Johan Fourie's blog

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Posts Tagged ‘whites

The remarkable Maori experience

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Moari Haka

Human height provide economic historians with a wonderful tool to measure living standards in the past. A society’s average height, it turns out, is to a large extent determined by the environment it inhabits during the early stages of life; the more proteins (e.g. milk and meat) we eat at a young age , the taller we tend to grow. This was especially true in the past, when people were poorer and nutrition varied more in different parts of the world.

The past week I attended a conference on Heights and Human Development, organised by Tim Hatton and Martine Mariotti of the Centre for Economic History at ANU in Canberra, Australia. The invited authors used historical heights to measure the diverse impacts of slavery (Rick Steckel), migration (Zach Ward), colonisation (Joerg Baten), social transfers (Diana Contreras Suarez), Chinese industrialisation (Stephen Morgan) and technological change (my own, with Mariotti and Kris Inwood, which will hopefully soon be available as a working paper).

But I particularly enjoyed a paper by Kris Inwood (with two colleagues) that investigated the heights of New Zealand’s Maori over the last two centuries. When the Pakeha (the whites from Europe and their descendants) arrived in New Zealand early in the nineteenth century, they described the native peoples as tall and strong. Yet, as Maori lands were taken up by Pakeha farmers, their stature declined: by the beginning of the twentieth century, Moari people had lost their reputation as a tall and strong people, and Inwood et al’s evidence shows that they were significantly shorter than their white countrymen.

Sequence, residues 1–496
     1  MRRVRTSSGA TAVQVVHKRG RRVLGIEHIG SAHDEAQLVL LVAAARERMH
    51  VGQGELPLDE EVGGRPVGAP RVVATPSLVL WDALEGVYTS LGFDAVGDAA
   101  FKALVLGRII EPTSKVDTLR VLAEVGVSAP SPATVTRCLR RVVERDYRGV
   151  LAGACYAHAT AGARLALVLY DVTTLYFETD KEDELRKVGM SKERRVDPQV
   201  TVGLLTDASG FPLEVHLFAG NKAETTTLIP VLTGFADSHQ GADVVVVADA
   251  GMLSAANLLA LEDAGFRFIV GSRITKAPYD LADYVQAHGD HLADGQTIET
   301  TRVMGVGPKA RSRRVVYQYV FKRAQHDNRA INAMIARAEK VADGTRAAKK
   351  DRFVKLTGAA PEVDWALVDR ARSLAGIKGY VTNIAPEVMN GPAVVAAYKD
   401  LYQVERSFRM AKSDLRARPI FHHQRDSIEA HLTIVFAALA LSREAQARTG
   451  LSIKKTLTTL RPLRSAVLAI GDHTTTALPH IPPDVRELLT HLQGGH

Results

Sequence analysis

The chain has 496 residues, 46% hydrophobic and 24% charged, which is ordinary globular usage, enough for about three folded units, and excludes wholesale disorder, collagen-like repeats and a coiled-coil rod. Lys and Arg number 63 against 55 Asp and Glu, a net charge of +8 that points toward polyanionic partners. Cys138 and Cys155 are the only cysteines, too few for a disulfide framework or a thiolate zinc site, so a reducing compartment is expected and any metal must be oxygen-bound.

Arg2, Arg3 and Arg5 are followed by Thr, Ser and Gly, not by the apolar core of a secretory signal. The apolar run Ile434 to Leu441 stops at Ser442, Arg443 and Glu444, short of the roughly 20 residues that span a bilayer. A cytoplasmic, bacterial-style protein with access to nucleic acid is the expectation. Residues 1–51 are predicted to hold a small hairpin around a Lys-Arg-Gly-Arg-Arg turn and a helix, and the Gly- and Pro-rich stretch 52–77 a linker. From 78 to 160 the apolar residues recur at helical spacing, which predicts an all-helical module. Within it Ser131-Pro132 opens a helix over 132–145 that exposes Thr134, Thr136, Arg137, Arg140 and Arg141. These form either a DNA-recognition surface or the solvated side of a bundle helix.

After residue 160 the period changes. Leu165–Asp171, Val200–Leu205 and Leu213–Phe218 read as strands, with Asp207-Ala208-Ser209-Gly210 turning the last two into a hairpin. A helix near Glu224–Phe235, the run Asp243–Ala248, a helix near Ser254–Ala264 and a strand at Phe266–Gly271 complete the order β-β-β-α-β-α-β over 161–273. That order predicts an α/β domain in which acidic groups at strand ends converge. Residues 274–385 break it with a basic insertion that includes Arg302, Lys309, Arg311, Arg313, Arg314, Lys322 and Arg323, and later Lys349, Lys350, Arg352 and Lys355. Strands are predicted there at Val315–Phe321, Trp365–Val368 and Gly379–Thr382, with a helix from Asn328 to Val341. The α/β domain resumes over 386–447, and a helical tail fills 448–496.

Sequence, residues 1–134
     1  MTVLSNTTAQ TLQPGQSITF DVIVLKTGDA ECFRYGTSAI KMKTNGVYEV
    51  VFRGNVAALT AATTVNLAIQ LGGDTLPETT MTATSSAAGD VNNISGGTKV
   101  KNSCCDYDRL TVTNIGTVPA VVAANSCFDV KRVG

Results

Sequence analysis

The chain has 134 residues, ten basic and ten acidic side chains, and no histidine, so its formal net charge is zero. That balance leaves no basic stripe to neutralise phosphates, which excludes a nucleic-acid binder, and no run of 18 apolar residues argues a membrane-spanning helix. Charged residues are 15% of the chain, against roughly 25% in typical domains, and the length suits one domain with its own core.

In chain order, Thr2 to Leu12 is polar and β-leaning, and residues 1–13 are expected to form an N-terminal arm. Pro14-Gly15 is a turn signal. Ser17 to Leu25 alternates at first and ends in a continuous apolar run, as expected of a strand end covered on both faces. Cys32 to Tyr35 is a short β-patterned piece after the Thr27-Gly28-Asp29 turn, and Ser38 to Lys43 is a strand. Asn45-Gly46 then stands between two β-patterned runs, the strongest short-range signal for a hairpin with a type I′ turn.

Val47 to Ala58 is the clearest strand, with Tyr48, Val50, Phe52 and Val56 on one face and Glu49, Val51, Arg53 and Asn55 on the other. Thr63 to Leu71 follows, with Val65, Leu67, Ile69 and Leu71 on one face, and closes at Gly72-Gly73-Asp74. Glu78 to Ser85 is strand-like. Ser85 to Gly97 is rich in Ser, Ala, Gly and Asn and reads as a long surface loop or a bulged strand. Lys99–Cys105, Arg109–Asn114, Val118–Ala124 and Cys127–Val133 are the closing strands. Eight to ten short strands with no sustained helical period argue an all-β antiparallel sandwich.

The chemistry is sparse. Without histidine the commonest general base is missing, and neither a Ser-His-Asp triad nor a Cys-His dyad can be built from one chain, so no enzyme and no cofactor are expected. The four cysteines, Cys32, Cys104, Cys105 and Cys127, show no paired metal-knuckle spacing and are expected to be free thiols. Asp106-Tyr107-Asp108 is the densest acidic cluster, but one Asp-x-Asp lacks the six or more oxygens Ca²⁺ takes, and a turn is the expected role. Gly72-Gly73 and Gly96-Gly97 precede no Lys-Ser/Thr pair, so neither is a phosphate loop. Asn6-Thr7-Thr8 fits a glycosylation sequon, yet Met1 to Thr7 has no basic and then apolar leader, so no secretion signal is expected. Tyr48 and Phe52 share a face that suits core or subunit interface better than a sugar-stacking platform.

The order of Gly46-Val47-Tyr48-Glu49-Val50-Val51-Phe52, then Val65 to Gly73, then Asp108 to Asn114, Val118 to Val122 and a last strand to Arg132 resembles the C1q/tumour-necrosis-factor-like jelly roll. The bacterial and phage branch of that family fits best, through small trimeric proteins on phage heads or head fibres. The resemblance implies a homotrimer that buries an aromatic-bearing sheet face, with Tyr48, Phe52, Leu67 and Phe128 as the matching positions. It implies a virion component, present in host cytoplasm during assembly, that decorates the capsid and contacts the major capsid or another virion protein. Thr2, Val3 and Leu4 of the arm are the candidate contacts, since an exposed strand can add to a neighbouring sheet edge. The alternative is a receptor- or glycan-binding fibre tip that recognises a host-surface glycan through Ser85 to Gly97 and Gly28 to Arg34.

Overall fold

This gap in the heights of the two groups persisted for more than fifty years, but, and this is the surprising result, by the 1970s the gap had narrowed and by the 1980s had closed completely. Children born to Maori parents in the 1980s are today as tall as their Pakeha compatriots. The exact reasons for this convergence in heights are unclear: Inwood suggested that it was due to government social transfers during the Golden Age, but clear causal evidence is lacking. Yet, I would argue, this is an incredibly important event to understand, because it has implications elsewhere, most notably in South Africa.

Whites in South Africa today are about 8cm taller than their black compatriots. There is no reason to expect that this has always been the case; the gap was almost certainly smaller at the beginning of the twentieth century and, although we have limited data, probably much smaller (and possibly even negligible) at the beginning of the nineteenth century. Two centuries of land dispossession and prejudiced policies saw a divergence in the living standards of South Africa’s different race groups. When exactly this happened, and by how much, is the question of ongoing work by myself, students and collaborators. (I will hopefully have more to report later this year.)

Yet Maori convergence suggests that the current discrepancy in height between black and white South Africans is not fatalistic, that aggregate differences in height are not set in stone as most people would tend to think. And more, Inwood et al’s evidence show that this could happen relatively quickly: Maori heights increased by 8cm over a 25 year period (from 170cm to 178cm between 1955 to 1980). If black South Africans experienced the same after the end of apartheid, we would have seen the large divergence in height disappearing within this decade.